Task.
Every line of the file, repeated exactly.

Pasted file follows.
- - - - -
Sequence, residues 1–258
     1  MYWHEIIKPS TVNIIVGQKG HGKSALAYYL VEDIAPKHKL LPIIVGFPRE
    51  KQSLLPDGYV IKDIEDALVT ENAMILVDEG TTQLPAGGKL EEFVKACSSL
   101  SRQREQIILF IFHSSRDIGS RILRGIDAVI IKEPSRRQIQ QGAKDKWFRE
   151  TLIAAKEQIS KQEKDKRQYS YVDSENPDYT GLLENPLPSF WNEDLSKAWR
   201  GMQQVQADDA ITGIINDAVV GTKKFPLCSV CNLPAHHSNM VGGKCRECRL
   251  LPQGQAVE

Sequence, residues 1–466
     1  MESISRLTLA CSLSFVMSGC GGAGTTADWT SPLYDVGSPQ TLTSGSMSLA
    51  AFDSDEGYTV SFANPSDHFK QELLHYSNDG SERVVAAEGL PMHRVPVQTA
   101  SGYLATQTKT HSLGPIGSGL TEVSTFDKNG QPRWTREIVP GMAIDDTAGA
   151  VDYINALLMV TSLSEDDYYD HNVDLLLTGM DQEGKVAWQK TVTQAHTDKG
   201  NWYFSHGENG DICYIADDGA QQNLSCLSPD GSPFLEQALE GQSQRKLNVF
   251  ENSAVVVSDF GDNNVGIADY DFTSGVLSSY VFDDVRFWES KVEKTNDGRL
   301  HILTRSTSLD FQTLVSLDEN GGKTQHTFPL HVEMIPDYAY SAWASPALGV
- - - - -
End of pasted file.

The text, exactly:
Sequence, residues 1–258
     1  MYWHEIIKPS TVNIIVGQKG HGKSALAYYL VEDIAPKHKL LPIIVGFPRE
    51  KQSLLPDGYV IKDIEDALVT ENAMILVDEG TTQLPAGGKL EEFVKACSSL
   101  SRQREQIILF IFHSSRDIGS RILRGIDAVI IKEPSRRQIQ QGAKDKWFRE
   151  TLIAAKEQIS KQEKDKRQYS YVDSENPDYT GLLENPLPSF WNEDLSKAWR
   201  GMQQVQADDA ITGIINDAVV GTKKFPLCSV CNLPAHHSNM VGGKCRECRL
   251  LPQGQAVE

Sequence, residues 1–466
     1  MESISRLTLA CSLSFVMSGC GGAGTTADWT SPLYDVGSPQ TLTSGSMSLA
    51  AFDSDEGYTV SFANPSDHFK QELLHYSNDG SERVVAAEGL PMHRVPVQTA
   101  SGYLATQTKT HSLGPIGSGL TEVSTFDKNG QPRWTREIVP GMAIDDTAGA
   151  VDYINALLMV TSLSEDDYYD HNVDLLLTGM DQEGKVAWQK TVTQAHTDKG
   201  NWYFSHGENG DICYIADDGA QQNLSCLSPD GSPFLEQALE GQSQRKLNVF
   251  ENSAVVVSDF GDNNVGIADY DFTSGVLSSY VFDDVRFWES KVEKTNDGRL
   301  HILTRSTSLD FQTLVSLDEN GGKTQHTFPL HVEMIPDYAY SAWASPALGV